Buncombe commissioners deny motor sports expansion, delay budget vote

After hearing from dozens of residents who spoke out on the matter June 25, Buncombe County commissioners denied a request to expand where motor sports facilities can be built.

Requested by Stacy Ogle, the change would’ve allowed motor sport facilities to operate in all areas of the county that are zoned as a Commercial Service or Employment districts, subject to certain conditions. They’re already allowed in Open Use districts, which cover roughly 80 percent of the county.

The zoning ordinance defines “motor sports facility” as “any facility, track, or course upon which racing or motor sporting events are conducted including, but not limited to vehicles, motorcycles, all-terrain vehicles, motor scooters, go-carts, etc.”

Ogle told the commissioners he wants to build one along U.S. 70 in Swannanoa near Berry’s Farm Supplies on land that’s currently zoned for commercial development. About half of the roughly 30 residents who spoke out on the matter during a public hearing said they supported Ogle’s request. Several argued that the racetrack would provide a needed place for children to learn how to safely ride motorcycles.

However, the other 15 or so attendees, many of whom lived in the Swannanoa area, told commissioners they worried about the noise and its harm to surrounding businesses, residences and property values.

In the end, Commissioners Mike Fryar and Joe Belcher cast the lone votes in favor of the change.

Fryar represents District 2, which includes Swannanoa. He noted that he’s always been against zoning, adding that he didn’t see anything wrong with allowing a motocross facility in the area. Fryar is a retired race car engine builder, and has often lamented the closing of the Asheville Motor Speedway in 1999.

However, Commissioner Ellen Frost, who also represents District 2, said that altering the county’s entire zoning ordinance as requested would’ve “opened the door” to development beyond Ogle’s property.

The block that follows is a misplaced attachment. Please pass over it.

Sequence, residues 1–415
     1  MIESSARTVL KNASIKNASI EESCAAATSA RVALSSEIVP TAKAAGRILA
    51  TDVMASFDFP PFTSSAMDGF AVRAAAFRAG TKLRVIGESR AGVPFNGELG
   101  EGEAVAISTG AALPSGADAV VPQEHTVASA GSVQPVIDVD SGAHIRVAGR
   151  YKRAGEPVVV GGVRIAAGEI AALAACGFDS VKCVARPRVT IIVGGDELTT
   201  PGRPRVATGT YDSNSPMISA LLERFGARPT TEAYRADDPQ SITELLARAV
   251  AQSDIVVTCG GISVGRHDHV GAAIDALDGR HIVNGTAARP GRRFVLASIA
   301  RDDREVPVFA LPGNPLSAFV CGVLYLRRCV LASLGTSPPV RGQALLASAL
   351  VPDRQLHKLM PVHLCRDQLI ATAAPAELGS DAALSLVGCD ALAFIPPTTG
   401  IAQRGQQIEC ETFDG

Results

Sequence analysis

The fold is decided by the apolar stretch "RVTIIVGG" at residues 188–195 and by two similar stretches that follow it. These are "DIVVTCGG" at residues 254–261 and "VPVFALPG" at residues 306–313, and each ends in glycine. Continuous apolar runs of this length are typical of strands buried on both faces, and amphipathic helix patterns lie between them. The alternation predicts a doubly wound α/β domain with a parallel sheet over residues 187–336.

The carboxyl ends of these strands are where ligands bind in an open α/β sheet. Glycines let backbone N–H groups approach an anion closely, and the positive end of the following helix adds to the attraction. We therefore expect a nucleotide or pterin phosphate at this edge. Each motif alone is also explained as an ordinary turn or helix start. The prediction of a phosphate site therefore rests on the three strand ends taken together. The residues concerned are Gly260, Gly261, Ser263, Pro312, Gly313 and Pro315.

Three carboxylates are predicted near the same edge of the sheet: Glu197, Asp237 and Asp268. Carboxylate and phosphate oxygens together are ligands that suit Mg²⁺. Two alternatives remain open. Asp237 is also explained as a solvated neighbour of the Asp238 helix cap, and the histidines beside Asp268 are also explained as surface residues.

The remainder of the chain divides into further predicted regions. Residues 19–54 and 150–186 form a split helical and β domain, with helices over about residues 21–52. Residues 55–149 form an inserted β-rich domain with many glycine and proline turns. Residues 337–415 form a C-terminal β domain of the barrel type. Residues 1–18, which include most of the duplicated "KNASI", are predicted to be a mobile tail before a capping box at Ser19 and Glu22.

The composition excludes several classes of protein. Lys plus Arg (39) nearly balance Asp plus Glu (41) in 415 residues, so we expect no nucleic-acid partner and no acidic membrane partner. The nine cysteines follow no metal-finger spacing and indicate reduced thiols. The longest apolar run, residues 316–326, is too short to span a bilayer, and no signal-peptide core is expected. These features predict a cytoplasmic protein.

Planning Director Jon Ceighton reported that a previous motocross track at a different site in Swannanoa generated an unprecedented amount of complaints from neighbors. Planning staff recommended that commissioners deny the request. The volunteer Planning Board was split on the issue, with four members recommending approval and four members urging denial.

Budget in waiting

With the fate of a bill in the North Carolina General Assembly that would allow the the county to create an independent Cultural and Recreation Authority still in question, commissioners delayed a vote on their $337 million budget until June 28.

Buncombe County Manager Wanda Greene recommended the pause in order to give state legislators more time to approve the measure. Her plan calls for using the new law to levy a special tax and dedicate the revenue to a long list of projects.

The next fiscal year begins July 1, and commissioners are required by state law to pass a budget before that date.

All of the commissioners except for Mike Fryar indicated June 25 that they’re likely to vote in favor of a budget that calls for raising the property tax rate by 15 percent to to cover a drop in property values, increased funding requests and unfunded federal mandates.

The proposal also calls for spending $20.2 million to build a new Isaac Dickson Elementary school building, although it delays a request to replace Asheville Middle School until 2018.

Nonprofit spending has also been a hotly contested subject in budget negotiations. The latest plan calls for giving local groups slightly more money overall than last year, but much less than they asked for.

Commissioners will reconvene in the commissioner’s chambers, located at 200 College Street, suite 326, on Friday, June 28, at 9 a.m.


Thanks for reading through to the end…

We share your inclination to get the whole story. For the past 25 years, Xpress has been committed to in-depth, balanced reporting about the greater Asheville area. We want everyone to have access to our stories. That’s a big part of why we've never charged for the paper or put up a paywall.

We’re pretty sure that you know journalism faces big challenges these days. Advertising no longer pays the whole cost. Media outlets around the country are asking their readers to chip in. Xpress needs help, too. We hope you’ll consider signing up to be a member of Xpress. For as little as $5 a month — the cost of a craft beer or kombucha — you can help keep local journalism strong. It only takes a moment.

About Jake Frankel
Jake Frankel is an award-winning journalist who enjoys covering a wide range of topics, from politics and government to business, education and entertainment.

Before you comment

The comments section is here to provide a platform for civil dialogue on the issues we face together as a local community. Xpress is committed to offering this platform for all voices, but when the tone of the discussion gets nasty or strays off topic, we believe many people choose not to participate. Xpress editors are determined to moderate comments to ensure a constructive interchange is maintained. All comments judged not to be in keeping with the spirit of civil discourse will be removed and repeat violators will be banned. See here for our terms of service. Thank you for being part of this effort to promote respectful discussion.

Leave a Reply

To leave a reply you may Login with your Mountain Xpress account, connect socially or enter your name and e-mail. Your e-mail address will not be published. All fields are required.